Everyone wants to upgrade their home. A home is someone’s living space and personal environment. How a home is set up can affect how one sleeps, eats, and lives. Making sure that one’s home is in the best possible state should always be a priority, but such an upgrade can be costly. Large scale home renovations can be particularly expensive, especially when they require the hiring of a contractor. Some home remodeling projects, such as installing a stone walkway, can actually be accomplished by the homeowner. But these tasks can often appear overwhelming and force the homeowner into hiring skilled labor.
For homeowners looking to upgrade their properties on a budget, do-it-yourself renovation may be the perfect solution. DIY remodeling, when done right, is an affordable method of renovation that also lends itself as a learning experience. Examples of some easy home renovation projects in the Florida area include driveway coatings from Jacksonville, concrete coatings from Jacksonville, or even garage floor coatings from Jacksonville. Too often, interior projects like this take priority over garden or patio renovations. For that reason, here is a step-by-step guide to assembling a stone walkway without relevant professional experience.
Before a homeowner can start building, they have to properly evaluate what they want and how they want to accomplish it. Stone walkways can provide a nice cottage garden design that is ideal for a homeowner trying to elevate their back or front yard. The design of such a walkway, however, can vary greatly depending on the stone chosen for assembly. Things like these are important to factor in when planning for a mini-construction project.
Some stone paths are laid in mortar and require experience with stone masonry. The choice for this particular project is a sandset path, which makes the process much more beginner-friendly.
Steps For Construction
Plan the Walkway
The first step is to establish the boundaries and pathing for a particular walkway. Using markers like flags or rocks is a great way to shape a path without it moving around. For pathways that are going to curve, string and stakes can be invaluable. This method of path planning also allows the marker to stay in place as one builds. The key to planning a successful path is to consider width in addition to length. A path should ideally accommodate two people walking side-by-side. While this sort of decision is up to the discretion of the renovator, it is something to keep in mind.
Prepare the Path
This step is often the most physically demanding, so any home renovator should make sure they are capable of performing this task. Assistance from family members and neighbors is often an underutilized resource. Using a flat spade or sod cutter, carve out the grass in accordance with the path boundaries set from the previous step. All of the grass and weeds must be removed before one starts to dig. This will make digging easier and make for more precise edges. The depth of the path should be about 5 inches in height per three inches of stone. The most important thing to remember when excavating the path is to create a smooth and flat bottom surface. This can be achieved by tamping the soil with a hand tamp or by walking over it.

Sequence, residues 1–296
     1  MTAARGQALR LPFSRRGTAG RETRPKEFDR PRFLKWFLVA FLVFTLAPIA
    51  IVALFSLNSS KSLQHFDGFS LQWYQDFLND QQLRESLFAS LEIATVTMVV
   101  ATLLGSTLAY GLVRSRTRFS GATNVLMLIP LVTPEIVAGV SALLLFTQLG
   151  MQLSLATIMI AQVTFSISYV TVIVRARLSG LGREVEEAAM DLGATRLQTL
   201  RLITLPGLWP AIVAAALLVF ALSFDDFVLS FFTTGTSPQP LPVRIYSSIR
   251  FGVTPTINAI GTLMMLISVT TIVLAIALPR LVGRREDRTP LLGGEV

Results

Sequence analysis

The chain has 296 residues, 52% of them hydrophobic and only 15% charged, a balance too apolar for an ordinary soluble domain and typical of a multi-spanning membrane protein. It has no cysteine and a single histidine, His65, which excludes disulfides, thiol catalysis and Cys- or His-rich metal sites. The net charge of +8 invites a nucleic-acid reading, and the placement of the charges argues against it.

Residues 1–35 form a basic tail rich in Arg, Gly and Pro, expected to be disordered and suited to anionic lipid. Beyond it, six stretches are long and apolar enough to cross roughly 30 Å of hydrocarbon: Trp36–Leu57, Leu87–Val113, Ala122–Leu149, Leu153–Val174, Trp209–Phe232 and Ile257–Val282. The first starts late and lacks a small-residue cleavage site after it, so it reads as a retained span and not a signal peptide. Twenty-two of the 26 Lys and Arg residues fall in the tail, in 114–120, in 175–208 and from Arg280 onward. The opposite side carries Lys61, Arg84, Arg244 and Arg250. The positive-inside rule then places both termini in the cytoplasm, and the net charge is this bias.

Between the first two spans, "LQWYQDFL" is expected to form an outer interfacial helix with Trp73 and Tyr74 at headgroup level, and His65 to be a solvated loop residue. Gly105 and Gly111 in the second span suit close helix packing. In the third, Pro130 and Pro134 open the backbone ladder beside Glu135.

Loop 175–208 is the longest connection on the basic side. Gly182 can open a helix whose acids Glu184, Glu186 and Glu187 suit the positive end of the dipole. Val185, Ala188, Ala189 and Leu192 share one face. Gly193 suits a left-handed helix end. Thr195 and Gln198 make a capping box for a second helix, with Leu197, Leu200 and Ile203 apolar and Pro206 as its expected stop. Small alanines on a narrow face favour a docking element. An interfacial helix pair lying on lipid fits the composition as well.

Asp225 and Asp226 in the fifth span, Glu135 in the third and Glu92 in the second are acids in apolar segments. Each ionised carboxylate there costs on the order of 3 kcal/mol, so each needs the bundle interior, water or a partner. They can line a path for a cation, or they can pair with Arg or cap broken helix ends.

This is an optional step for installing a barrier along the sides of the path. Depending on the manufacturer’s instructions on the stone kit purchased, a homeowner can determine the type of edging that is used. Some of the different types of edging available include plastic brick paver, wood timbers, or galvanized metal. The reason why this step is optional is that the grass and soil around the path will keep the stones in place. Edging, in this case, is a stylistic choice instead of a pragmatic one.
Set Up Landscape Fabric
Landscape fabric often comes in sheets or rolls so that they are more easily used. These sections of fabric should be placed around the bottom surface of the dugout. This prevents other plants or grass from growing in-between the stones and dislodging the arrangement.
Create a Layer of Sand
Two inches of sand should be spread over the landscape fabric to leave the perfect amount of space for the stones to be flush with the topsoil. This is the base just below the stones, so make sure to make it smooth and level like the layer below it. Sand often can be purchased in bags, which makes them quite heavy. Every renovator should make sure they have some sort of method of transportation and dispersion for each bag.
Lay Out the Stones
This involves organizing the stones in their desired orientation before setting them on the sand. Laying out the stones is a very underrated part of the construction process. It helps to determine which stones fit and whether some will have to be cut down to squeeze into the path. Anytime a renovator or contractor is dealing with stone pathing, planning out the interlock is incredibly important. If someone skips this step, they could be looking at having to redo entire sections, if not all, of the stone setting.
Set the Stones
Setting the stones is one of the most straightforward steps in building a pathway. The three things a renovator has to remember when setting stone are stability, spacing, and leveling. With regards to stability, just make sure that all of the stone’s flat surface is in contact with the sand. Use a carpenter’s level or an iPhone to make sure that the stones are level and not crooked. If done improperly, the walkway could become a tripping hazard. Finally, keep a 2-inch space between every stone. This allows for movement without the stones sliding out of place.
Fill In the Gaps
Whenever there is a project that requires gravel or sand, the renovator or contractor should always purchase a little bit extra. This extra amount can be used to fill in the gaps between the stones and fix parts that become uneven later. The sand should be level with the stones. Just be mindful of moving stones that have already been set.